A Southeast Asian street scene has taken over the old Hell’s Kitchen storefront on 10th Street.
The new restaurant Subo is the brainchild of Neil Guillen, the Filipino chef and owner who relocated here from Manhattan six short weeks ago. He arrived here at the prompting of a Minneapolis customer who visited Guillen’s New York restaurant over and over and convinced him to open up a shop in the customer’s hometown.
“Every chef waits for his turn to eventually have his own restaurant,” Guillen said. “This sounded like the proper time. … I saw the space and fell in love with it.”
Guillen said he wants his guests to eat family-style and pull down lots of dishes to “create a feast on the table.”
Highlights off the menu include chili chocolate panna cotta served in an espresso cup, and chicken wings marinated in sweet rice vinegar, garlic, coconut milk and soy sauce.
Subo is located at 89 S. 10th St., where Calhoun Grill operated until recently. Hell’s Kitchen moved out of the same restaurant space in mid-2008 so it could stop operating in limbo — the restaurateurs knew they might need to leave during the eventual construction of The Nicollet, a new skyscraper planned for the block. However, plans for The Nicollet have been stalled for more than four years while the owners have sought financing, and several other retailers have remained on the block. A corner space at 10th and Marquette is advertising a new store coming soon called Bahu.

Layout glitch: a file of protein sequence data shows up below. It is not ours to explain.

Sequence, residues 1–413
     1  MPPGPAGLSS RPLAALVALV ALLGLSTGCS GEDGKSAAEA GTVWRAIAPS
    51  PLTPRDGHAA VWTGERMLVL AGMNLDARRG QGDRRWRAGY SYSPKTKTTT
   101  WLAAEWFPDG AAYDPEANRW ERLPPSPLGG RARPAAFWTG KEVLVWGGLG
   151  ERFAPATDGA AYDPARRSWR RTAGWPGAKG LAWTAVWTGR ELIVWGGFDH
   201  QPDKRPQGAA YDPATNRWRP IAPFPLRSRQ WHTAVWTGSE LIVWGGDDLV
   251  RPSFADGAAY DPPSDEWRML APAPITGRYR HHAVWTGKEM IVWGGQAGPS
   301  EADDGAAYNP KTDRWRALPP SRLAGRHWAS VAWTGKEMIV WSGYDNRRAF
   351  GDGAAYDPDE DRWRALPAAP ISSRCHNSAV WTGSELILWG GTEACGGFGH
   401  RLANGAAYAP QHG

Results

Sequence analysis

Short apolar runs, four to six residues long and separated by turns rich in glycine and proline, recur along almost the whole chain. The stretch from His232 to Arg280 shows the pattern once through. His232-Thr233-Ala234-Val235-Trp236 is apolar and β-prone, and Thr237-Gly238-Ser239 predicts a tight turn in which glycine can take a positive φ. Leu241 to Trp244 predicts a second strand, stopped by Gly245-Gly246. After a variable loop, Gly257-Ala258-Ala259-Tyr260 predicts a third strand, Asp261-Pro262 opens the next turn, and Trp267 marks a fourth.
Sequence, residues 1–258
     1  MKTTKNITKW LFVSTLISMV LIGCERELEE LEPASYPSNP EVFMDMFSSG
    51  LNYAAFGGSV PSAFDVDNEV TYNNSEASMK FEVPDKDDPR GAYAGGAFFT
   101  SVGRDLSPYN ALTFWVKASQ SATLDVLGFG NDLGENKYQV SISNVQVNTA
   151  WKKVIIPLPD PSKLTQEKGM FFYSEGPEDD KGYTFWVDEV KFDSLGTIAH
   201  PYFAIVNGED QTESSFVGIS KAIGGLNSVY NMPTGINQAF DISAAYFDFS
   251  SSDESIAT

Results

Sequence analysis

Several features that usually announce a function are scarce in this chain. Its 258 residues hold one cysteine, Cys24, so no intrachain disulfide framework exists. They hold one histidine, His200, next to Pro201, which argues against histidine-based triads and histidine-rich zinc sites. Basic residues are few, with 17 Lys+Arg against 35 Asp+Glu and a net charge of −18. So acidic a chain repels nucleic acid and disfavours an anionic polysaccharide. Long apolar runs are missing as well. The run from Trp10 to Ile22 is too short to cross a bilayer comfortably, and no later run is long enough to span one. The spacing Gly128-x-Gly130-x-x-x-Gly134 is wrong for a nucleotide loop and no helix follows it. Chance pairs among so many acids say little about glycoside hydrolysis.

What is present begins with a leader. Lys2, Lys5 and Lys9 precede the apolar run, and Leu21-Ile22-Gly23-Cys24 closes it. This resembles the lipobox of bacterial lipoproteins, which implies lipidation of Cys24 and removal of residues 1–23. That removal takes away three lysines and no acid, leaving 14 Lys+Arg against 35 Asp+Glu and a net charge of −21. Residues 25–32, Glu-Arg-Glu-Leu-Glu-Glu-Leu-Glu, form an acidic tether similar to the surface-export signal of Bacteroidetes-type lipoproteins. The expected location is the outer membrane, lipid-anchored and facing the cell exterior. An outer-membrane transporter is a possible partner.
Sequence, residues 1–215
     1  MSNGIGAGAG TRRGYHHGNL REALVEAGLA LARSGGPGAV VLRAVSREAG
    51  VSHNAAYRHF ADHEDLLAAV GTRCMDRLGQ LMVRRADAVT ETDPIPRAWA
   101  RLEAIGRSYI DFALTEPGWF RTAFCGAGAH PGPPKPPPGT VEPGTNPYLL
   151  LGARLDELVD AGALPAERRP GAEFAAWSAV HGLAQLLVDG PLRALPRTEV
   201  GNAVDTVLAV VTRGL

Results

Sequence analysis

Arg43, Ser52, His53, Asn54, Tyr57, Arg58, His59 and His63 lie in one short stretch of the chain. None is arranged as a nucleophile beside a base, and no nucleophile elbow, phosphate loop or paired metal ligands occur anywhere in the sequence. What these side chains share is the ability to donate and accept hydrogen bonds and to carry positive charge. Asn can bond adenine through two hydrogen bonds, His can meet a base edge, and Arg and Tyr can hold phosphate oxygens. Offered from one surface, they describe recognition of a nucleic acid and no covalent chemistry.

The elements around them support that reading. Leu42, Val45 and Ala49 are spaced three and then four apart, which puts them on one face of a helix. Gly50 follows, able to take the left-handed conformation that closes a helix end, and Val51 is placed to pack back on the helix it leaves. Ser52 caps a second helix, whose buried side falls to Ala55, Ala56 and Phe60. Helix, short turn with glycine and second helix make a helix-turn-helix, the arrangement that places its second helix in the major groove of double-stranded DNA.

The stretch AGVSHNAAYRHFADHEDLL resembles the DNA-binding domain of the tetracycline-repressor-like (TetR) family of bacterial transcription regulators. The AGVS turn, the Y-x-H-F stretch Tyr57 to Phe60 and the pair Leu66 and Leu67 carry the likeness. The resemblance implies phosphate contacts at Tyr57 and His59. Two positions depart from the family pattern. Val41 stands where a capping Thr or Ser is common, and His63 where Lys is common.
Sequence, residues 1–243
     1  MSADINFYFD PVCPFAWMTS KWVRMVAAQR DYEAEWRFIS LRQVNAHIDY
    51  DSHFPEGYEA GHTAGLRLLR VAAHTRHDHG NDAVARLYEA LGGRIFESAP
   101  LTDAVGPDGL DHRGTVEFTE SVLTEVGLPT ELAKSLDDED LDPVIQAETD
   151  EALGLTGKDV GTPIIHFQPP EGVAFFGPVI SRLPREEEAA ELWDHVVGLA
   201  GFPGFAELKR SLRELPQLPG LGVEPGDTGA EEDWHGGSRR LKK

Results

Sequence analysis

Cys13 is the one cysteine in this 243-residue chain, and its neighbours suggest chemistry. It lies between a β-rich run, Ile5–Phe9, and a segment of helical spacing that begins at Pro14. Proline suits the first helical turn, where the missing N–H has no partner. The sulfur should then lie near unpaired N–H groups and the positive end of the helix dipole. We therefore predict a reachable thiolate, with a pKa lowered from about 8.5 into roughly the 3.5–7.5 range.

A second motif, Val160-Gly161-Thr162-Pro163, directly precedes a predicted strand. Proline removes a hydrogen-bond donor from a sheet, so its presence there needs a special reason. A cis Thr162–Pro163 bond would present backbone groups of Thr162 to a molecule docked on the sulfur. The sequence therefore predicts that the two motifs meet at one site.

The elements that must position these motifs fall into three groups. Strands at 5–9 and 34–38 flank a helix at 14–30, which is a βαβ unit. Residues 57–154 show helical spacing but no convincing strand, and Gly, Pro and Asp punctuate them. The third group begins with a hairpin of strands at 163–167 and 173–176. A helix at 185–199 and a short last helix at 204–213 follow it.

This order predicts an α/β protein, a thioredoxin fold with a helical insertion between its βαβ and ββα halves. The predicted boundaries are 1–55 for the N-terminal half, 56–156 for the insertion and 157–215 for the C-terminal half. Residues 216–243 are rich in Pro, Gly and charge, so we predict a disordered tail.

The floral studio Luna Vinca is escaping a busy storefront space in Uptown to hole up in the Designers Guild building at 401 N. 3rd St.
“We decided we didn’t need a storefront location,” said owner Jennifer Guion. She sold off most of the books, candles and bath products her Hennepin Avenue store carried.
“We decided to get back to the roots of floral design,” she said.
Guion didn’t shed her biggest retail seller, however. She still offers the paper star lights that have been popular since the store opened 11 years ago.
Luna Vinca handles floral design for weddings and events, and provides a metro-wide floral delivery service.
The Open Book building didn’t have any trouble finding a new tenant for the space the Rosalux Gallery left behind.
A new business called Ovative is already operating its first office there. The company represents venture-capital funded technology companies primarily based on the coasts and in Israel.
Staff at Ovative often introduce their clients to Downtown advertising and public relations agencies, making the Downtown site ideal for them.
Minneapolitans take for granted that fresh fruit is more elusive during winter months, but a new business called FruitShare is rushing it our way.
FruitShare, based in Stillwater, can now deliver seasonal fruits from national organic growers to homes and businesses Downtown.
Founder Everett Meyers said in a statement that grocers’ fruits often travel for weeks or even months before arriving on the shelves. Wax and other long-term preservation methods result in less flavorful and less nutritious fruits for sale, he said.
FruitShare, by contrast, ships fresh fruit within days, at prices ranging from $29 for a single order to $995 for a full year of 27 deliveries.
Fruits available in December include Satsuma mandarins and clementines.
The Northeast nightspot Tickles is moving into
The Little Wagon’s old space Downtown.
Tickles is marketed as the Twin Cities’ first gay piano and sports bar. It initially opened at 1032 3rd Ave. NE last winter, and the bar will shut down on Dec. 28 to reopen Downtown on New Year’s Eve.
The Little Wagon closed last spring at 420 S. 4th St. The owner blamed the closure on downsizing at nearby corporations.